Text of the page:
An email exchange with the charity, seen by The Telegraph, shows staff offering to send a free breast binder to a user they believed was 14 who told them “my mum won’t let me” have one. Binders are used to flatten the chest to make a wearer appear more masculine.
Mermaids said the user – an adult posing as a teenager under the pseudonym Kai – had to have been a member of the charity’s online Youth Forum for a month and posted three times before it would supply them with a binder.
Exactly a month later, Mermaids agreed to send Kai a binder if they provided a size, read the binder safety sheet and sent a “name and address that you want the binder to be sent to”.
“Once we have all of this information, we will pass it over to dispatch and they will take it from there. If we have one in the correct size in stock, we can send it out, otherwise, you will be put on the list to have a binder dispatched when it is in stock,” the helpline operator said.
They noted that the risks of binding include “shortness of breath, back pain, chest pain, itching, bad posture, shoulder pain, overheating, and in some cases, rib damage”.
The charity had been told a number of times that Kai’s mother would not let the child “do anything” to present as a boy.
At no point did staff raise questions about any underlying illnesses, mental health conditions, or question whether any responsible adult would be informed that the person they thought was 14 was using a binder.
Before they would send the binder, Kai had to agree to follow the guidelines of the charity, which include that it should not be used for more than 8 hours a day or worn during exercise and should be removed if the wearer experienced conditions such as sickness, dizziness or overheating.
They also referred to a study by the Johns Hopkins School of Public Health which found that 97 percent of adult users experienced health impacts from binding including pain, rib fractures, changes to the spine, headaches, respiratory and skin infections and muscle wasting. There have been no studies on the impact on children, partly due to ethical concerns.
The Telegraph has been made aware of a number of posts on the Youth Forum regarding binders, dating back to 2019.
In one, a moderator tells a 13-year-old who complains that their mother won’t let them wear one because it is “neglect” that the charity runs a scheme and if they email their details, Mermaids says it will post one “directly”.
Stephanie Davies-Arai, the founder and director of Transgender Trend, a campaign group, said: “This is a great safeguarding concern, because breast binding is basically a form of self-harm. It damages the body in some very serious ways and it prevents girls from being able to breathe properly, meaning that they cannot do sport or be active.
“They [Mermaids] are giving out inaccurate and partial information and they are encouraging people to trust in what is a medical experiment. Parents deserve to know all of the information, whatever decision they make in the end.”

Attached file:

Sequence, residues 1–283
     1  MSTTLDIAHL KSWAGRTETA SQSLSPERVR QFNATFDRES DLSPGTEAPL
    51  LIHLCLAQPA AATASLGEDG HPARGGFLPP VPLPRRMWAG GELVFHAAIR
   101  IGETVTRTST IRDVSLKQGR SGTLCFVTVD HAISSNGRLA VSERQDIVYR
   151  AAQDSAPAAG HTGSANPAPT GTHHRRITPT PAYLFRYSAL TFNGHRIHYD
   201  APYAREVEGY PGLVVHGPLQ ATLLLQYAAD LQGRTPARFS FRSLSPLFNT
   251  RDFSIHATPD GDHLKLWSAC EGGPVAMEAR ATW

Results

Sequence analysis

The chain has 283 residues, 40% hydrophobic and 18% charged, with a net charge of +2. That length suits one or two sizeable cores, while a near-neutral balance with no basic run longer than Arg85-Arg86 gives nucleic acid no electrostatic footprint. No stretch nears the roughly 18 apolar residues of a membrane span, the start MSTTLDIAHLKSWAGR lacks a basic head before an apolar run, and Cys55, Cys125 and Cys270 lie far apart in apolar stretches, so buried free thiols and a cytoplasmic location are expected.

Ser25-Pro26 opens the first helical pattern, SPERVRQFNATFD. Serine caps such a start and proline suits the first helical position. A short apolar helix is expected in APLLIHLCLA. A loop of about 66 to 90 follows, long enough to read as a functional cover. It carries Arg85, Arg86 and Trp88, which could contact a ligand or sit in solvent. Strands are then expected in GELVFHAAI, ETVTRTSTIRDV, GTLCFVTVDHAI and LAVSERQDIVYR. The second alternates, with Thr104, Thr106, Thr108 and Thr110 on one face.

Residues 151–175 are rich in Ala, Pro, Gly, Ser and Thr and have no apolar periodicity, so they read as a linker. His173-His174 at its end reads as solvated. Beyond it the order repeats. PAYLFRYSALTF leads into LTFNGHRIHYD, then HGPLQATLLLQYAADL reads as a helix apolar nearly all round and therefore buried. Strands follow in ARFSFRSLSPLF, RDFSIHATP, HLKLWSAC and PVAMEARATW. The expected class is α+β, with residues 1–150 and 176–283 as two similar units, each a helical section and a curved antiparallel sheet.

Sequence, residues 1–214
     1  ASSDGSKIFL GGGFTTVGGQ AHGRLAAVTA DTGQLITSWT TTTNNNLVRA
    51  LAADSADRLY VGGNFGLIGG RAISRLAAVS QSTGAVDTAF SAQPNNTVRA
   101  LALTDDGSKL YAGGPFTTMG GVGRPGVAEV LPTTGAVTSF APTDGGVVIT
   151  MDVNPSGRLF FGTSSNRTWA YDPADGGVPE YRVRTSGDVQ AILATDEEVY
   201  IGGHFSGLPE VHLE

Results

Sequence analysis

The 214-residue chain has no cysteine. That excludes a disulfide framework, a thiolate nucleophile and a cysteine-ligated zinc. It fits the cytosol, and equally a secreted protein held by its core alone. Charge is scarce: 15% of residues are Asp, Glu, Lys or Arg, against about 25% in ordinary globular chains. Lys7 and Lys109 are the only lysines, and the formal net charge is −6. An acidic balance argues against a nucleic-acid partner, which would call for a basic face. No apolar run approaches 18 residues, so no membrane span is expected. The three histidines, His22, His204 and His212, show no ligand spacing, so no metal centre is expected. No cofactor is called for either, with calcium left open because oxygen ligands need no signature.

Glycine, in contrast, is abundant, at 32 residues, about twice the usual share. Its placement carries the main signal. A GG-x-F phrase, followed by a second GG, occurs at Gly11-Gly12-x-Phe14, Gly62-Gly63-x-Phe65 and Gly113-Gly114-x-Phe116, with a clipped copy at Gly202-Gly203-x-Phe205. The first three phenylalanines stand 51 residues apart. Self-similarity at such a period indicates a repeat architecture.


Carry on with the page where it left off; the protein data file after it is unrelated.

Other web chats passed to this newspaper as part of a dossier of evidence show a Mermaids worker telling what they believe is a 14-year-old boy that the worker has been on puberty for blockers “many years” and “have never had a problem”.
Though admitting that they are not medically qualified, they add that the drugs “halt puberty and if they come off them then it carries on”.
A charity worker tells another user that puberty blockers “simply suppress the onset of puberty until you are ready to make a decision how to go forward. They are totally reversible”.
The advice was given despite the fact that the medical community has long raised concern about the impact of puberty blockers. Dr Hilary Cass, who is leading a review into NHS services for trans children, has warned there are “significant gaps” in knowledge of the long-term impact of the drugs which she warns could include damage to brain development.
Parents shocked by advice, but Mermaids seems immune to controversy
This is not the first time concerns have been raised about the actions of the charity, including by whistleblowers at the Tavistock, which was the only gender identity clinic for children until the NHS announced that it would close this spring and the service moved into regional centres.
But Mermaids seems to have shaken off continual controversy and remains the go-to charity for children who are questioning their gender.
The latest annual accounts from 2020-21 show that Mermaids received a total income of more than £1.8 million, an increase of almost a million on the previous year. The charity boasts that it earned more than £60,000 from training – double what it predicted – providing sessions for the police, NHS children’s mental health service, hospital trusts, charities and fostering agencies.
They say that they gave 59 training sessions at schools, and that participants of sessions have included GPs, educational psychologists, therapists and paediatric nurses.
Whilst publicly advocating for medicalisation of children, the group is recommended by councils, schools and NHS organisations across the country as a resource for trans young people and their families.